Node.js Heap Dumps in 2021

18 Jan 2021

Note: This article first appeared on

In diagnosing memory leaks, one of the most useful tools in a developer’s aresenal is the heap dump, or heap snapshot, which gives us insight into what objects are allocated on the JavaScript, and how many of them.

The Old Way

Traditionally, in Node.js, we’ve had two options for creating heap dumps.

  1. Using the heapdump module.
  2. Attaching a Chrome DevTools instance and using the Memory tab to create a heap snapshot.

In cases where it’s feasible and simple, the second option is usually best, since it requires no additional software, and has a simple point-and-click interface to get the job done.

In production environments, it’s often not an option, so users are left using the heapdump module. While this generally works without issue, there is an additional compilation step and a module to install in order to get this done. These are obivously not insurmountable hurdles, but they can get in the way of solving a problem quickly.

The New Way

The good news is that in newer versions of Node.js, you don’t need the external module, since heap dump functionality is now part of the core API, as of Node.js v12.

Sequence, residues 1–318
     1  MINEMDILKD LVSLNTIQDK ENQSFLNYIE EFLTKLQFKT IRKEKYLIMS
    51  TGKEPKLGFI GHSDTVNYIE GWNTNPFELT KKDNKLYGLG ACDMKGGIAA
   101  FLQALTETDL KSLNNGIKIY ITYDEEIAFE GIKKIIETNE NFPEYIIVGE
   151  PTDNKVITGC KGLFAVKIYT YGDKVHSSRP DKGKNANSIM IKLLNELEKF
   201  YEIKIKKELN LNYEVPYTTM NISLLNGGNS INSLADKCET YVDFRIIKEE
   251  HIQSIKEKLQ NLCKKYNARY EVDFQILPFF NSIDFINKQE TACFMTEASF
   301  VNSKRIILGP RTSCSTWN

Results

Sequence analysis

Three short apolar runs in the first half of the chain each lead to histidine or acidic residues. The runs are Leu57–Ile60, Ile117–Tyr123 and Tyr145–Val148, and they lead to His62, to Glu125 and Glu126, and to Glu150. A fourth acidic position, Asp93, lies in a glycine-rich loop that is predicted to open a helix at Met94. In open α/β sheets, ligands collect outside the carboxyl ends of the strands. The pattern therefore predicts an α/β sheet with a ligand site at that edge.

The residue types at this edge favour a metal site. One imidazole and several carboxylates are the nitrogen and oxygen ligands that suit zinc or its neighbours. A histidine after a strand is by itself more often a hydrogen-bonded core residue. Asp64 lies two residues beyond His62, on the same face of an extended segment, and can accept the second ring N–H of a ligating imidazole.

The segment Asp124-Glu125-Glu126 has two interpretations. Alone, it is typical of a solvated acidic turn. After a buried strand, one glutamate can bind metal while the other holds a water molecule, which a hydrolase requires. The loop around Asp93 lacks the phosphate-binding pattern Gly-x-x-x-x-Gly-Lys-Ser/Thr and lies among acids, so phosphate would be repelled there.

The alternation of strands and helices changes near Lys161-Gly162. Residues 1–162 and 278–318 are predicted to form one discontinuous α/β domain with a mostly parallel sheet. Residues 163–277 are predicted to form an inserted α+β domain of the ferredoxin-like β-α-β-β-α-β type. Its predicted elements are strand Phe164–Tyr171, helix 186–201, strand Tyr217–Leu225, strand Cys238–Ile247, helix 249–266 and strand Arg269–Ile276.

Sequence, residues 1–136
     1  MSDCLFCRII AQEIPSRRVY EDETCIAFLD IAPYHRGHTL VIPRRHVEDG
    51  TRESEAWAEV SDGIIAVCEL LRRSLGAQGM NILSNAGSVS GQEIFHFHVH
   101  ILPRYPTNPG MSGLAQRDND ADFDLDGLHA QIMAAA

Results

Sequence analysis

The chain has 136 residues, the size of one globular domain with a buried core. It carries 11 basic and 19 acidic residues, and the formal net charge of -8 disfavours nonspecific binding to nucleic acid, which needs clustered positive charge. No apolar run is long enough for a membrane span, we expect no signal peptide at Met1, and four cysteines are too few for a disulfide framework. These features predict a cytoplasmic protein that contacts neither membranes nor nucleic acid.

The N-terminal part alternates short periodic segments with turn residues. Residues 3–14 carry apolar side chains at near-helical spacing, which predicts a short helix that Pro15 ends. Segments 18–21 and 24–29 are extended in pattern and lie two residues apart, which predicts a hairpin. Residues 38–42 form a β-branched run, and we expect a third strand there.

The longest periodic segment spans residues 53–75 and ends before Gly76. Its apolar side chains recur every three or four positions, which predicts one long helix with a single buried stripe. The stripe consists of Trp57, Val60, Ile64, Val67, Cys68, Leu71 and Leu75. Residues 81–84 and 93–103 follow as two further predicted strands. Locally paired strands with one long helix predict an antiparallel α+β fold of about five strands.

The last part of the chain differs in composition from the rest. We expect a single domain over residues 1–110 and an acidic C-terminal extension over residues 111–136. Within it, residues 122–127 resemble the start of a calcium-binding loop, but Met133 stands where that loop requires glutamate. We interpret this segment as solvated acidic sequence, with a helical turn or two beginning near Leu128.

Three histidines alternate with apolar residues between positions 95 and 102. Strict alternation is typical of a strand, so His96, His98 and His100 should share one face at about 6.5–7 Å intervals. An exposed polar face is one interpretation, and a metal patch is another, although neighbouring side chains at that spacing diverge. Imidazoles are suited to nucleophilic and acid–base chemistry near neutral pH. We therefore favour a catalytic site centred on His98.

To create a heap snapshot, you can just use v8.getHeapSnapshot(). This returns a readable stream, which you can then pipe to a file, which you can then use in Chrome DevTools.

For example, you can make a function like this that you can call whenever you want to create a heap dump file.

const fs = require('fs');
const v8 = require('v8');

function createHeapSnapshot() {
  const snapshotStream = v8.getHeapSnapshot();
  // It's important that the filename end with `.heapsnapshot`,
  // otherwise Chrome DevTools won't open it.
  const fileName = `${}.heapsnapshot`;
  const fileStream = fs.createWriteStream(fileName);

You can call this function on a regular basis using setInterval, or you can set a signal handler or some other mechanism to trigger the heap dumps manually.

This new API function is available in all currently supported release lines of Node.js except for v10, where you’ll still need the heapdump module for similar functionality.

Feel free to use the snippet above in your own applications whenever trying to diagnose memory leaks in the future. Happy debugging!